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So I have read the LVL docs backward and forward, and have it working with my app. I have seen the questions about the response being cached. But it still leaves me wondering, based on some of the wording in the LVL docs, does Google want us to call the license checker every time the app is initialized? Is that the safest way to implement this? Using the ServerManagedPolicy like Google suggests, do we just call the license check, and either run our app or do whatever we choose if they fail? One of my small concerns is the use of network data. They drill into us the need to be cautious of using resources without informing the user, and it seems to me this is a use of network data without letting the user know.

To add to this, is anyone experiencing any type of delay to their app due to this code? Due to the nature of my app, opening it and then waiting every time for an ok to come through the network would definitely distract from its use. Should I cache the response myself, or am I way over thinking this?

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4 Answers 4

You answered your own question; if you feel that calling the service every time you start would be disruptive (which it would, e.g. the user is out of coverage), then don't do it.

Google make no recommendations about how often to use the licensing service; it's down to how paranoid you as the application developer are about piracy, balanced with how much you feel constantly checking would annoy the user.

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Thanks for the reply. I have been reading more and mulling it over after posting the question. It also looks like the LVL will do it's own caching. So I might be overly concerned about the amount of real traffic this will generate. I am just going to call the license check on my onCreate of the main procedure. If it becomes a real issue I can just issue an update with a more lax version. I will just assume that the ServerManagedPolicy will do all of the background work for me, like they say it will. –  Isaac Jan 19 '11 at 19:54
see my comment above on the answer by @Tom. Make a simple example and Toast the result, you will see it is being called every time you start the app. –  trgraglia Jan 30 '11 at 15:52

Ok, fair, only check it once in a while.. But where can you "safely" store the information, that you should check it once a day only? Eg, the first time you start the app, you will check it. Result of LVL is valid: so you store the date of the last successful check. But where to store it? Using SharedPreferences ? Is this safe? Because if you have root access on your device you could access the preference and change the valid date (to either way in the future, an yes, ofcourse you can check that in the code :-))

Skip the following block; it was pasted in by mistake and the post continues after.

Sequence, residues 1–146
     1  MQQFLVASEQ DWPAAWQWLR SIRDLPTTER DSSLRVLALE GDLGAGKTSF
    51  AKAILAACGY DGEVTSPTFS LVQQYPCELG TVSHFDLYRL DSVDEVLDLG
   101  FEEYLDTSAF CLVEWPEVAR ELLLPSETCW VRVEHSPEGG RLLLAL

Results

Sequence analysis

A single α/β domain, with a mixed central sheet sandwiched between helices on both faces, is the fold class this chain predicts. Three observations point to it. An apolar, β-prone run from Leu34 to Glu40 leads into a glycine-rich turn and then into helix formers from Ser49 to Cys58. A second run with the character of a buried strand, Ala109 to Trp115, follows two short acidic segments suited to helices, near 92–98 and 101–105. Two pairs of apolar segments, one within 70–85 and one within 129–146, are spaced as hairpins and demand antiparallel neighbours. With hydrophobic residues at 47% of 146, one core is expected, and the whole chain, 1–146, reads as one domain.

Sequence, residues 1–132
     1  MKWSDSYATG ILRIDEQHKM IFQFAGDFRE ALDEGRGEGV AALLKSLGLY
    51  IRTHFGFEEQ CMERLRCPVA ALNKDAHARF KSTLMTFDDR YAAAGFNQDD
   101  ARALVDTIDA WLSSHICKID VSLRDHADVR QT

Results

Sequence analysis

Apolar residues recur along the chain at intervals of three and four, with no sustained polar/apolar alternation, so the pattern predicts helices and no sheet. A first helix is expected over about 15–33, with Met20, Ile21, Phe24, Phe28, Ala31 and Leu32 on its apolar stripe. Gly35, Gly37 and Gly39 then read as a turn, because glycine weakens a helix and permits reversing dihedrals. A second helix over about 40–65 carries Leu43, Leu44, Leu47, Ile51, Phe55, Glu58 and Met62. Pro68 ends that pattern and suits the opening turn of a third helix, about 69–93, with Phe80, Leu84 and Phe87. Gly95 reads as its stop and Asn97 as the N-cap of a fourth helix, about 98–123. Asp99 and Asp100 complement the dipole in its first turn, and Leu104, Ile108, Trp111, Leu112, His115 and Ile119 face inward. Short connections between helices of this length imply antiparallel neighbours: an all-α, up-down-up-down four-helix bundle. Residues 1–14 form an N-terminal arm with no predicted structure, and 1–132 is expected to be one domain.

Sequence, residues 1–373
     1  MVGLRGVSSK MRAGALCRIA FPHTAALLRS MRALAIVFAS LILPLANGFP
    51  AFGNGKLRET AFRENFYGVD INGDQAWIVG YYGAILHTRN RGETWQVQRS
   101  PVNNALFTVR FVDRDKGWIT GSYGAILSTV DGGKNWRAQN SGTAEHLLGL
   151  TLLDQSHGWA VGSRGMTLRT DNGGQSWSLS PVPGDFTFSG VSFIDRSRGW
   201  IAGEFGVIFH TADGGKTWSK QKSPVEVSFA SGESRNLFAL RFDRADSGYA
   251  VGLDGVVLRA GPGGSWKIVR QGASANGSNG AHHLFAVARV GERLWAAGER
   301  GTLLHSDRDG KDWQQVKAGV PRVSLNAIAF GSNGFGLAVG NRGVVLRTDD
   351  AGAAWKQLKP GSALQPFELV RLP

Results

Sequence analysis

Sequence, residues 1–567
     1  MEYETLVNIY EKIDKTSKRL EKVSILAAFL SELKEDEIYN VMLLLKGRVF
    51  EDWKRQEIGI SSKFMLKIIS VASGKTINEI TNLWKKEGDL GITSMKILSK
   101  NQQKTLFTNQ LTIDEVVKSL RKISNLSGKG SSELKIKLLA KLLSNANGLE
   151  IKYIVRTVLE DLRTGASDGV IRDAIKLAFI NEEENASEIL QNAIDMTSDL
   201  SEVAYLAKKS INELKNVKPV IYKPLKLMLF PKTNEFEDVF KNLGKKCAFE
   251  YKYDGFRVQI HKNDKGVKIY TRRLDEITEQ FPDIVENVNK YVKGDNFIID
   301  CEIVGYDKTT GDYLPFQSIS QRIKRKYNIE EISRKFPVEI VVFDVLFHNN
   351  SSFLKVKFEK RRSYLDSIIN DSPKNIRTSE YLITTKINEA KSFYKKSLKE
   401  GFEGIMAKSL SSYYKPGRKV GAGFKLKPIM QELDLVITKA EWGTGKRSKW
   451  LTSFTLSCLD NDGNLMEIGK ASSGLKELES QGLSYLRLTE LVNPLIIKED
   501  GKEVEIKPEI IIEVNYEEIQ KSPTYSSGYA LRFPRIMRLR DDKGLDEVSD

PS. Sorry, could not make a comment :(

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Tom, I am with you. Where in your code can you store this without leaving it out in the open? I am just going to let the ServerManagedPolicy code do the legwork. I will guess this is going to be analogous to door locks. They keep the honest people honest. if someone wants in your house they will just break a window and get in. –  Isaac Jan 19 '11 at 19:56
The other problem with this though is that the default is dont_allow. so if they are not connected to the net, then they may get a dont_allow when in fact they did purchase it legally and that will piss people off... so you may also want to check the connection of the device... –  trgraglia Jan 30 '11 at 15:50

Concerning LVL: Although the SDK provides a sample implementation, Google themselves, clearly recommend against using it "as-is".


After watching that, I believe, LVL is not an option for apps sold for 1-2$. Furthermore, a failed LVL check (if no network is available) will piss off legitimate users.

while it is true, that you can implement some kind of caching LVL responses, it will always boild down to the question, in how far you want to protect against piracy at the expense of legitimate users?

And: developer time is limited, so maybe it is more worthwhile to put efforts in improving an app, instead off wasting to much time trying to cut down illegal usage.

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Call it every time you start the app. The LVL library, as shipped by Google, will cache the response and use it the next time the user starts the app, thus not requiring a network connection if they restart the application within the cache valid time-frame.

What you likely want to do is change the amount of time the cache is valid. By default, google ships with a fairly low cache-valid time, which resulted in some upset users who were outside of a network when the cache had expired.

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I see that you have a good knowlage on this topic. Could you look at this question (connected with lvl matter)? : stackoverflow.com/questions/16567842/… –  soulreaver May 15 '13 at 18:06

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